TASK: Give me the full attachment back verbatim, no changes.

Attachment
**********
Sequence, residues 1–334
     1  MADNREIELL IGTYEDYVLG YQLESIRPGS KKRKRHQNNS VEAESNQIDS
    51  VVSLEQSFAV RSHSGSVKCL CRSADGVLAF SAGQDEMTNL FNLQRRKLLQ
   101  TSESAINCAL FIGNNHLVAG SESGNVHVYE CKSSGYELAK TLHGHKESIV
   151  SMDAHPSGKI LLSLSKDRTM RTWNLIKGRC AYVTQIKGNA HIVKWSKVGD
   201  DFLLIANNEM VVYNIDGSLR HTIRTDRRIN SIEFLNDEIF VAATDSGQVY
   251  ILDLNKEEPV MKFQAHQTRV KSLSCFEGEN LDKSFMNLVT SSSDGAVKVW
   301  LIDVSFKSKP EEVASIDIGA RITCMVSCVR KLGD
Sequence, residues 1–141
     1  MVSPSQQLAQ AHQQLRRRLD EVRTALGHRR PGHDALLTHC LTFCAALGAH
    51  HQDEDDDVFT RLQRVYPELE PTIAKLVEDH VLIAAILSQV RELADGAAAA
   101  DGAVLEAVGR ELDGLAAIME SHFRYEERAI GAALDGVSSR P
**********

Sequence, residues 1–334
     1  MADNREIELL IGTYEDYVLG YQLESIRPGS KKRKRHQNNS VEAESNQIDS
    51  VVSLEQSFAV RSHSGSVKCL CRSADGVLAF SAGQDEMTNL FNLQRRKLLQ
   101  TSESAINCAL FIGNNHLVAG SESGNVHVYE CKSSGYELAK TLHGHKESIV
   151  SMDAHPSGKI LLSLSKDRTM RTWNLIKGRC AYVTQIKGNA HIVKWSKVGD
   201  DFLLIANNEM VVYNIDGSLR HTIRTDRRIN SIEFLNDEIF VAATDSGQVY
   251  ILDLNKEEPV MKFQAHQTRV KSLSCFEGEN LDKSFMNLVT SSSDGAVKVW
   301  LIDVSFKSKP EEVASIDIGA RITCMVSCVR KLGD
Sequence, residues 1–141
     1  MVSPSQQLAQ AHQQLRRRLD EVRTALGHRR PGHDALLTHC LTFCAALGAH
    51  HQDEDDDVFT RLQRVYPELE PTIAKLVEDH VLIAAILSQV RELADGAAAA
   101  DGAVLEAVGR ELDGLAAIME SHFRYEERAI GAALDGVSSR P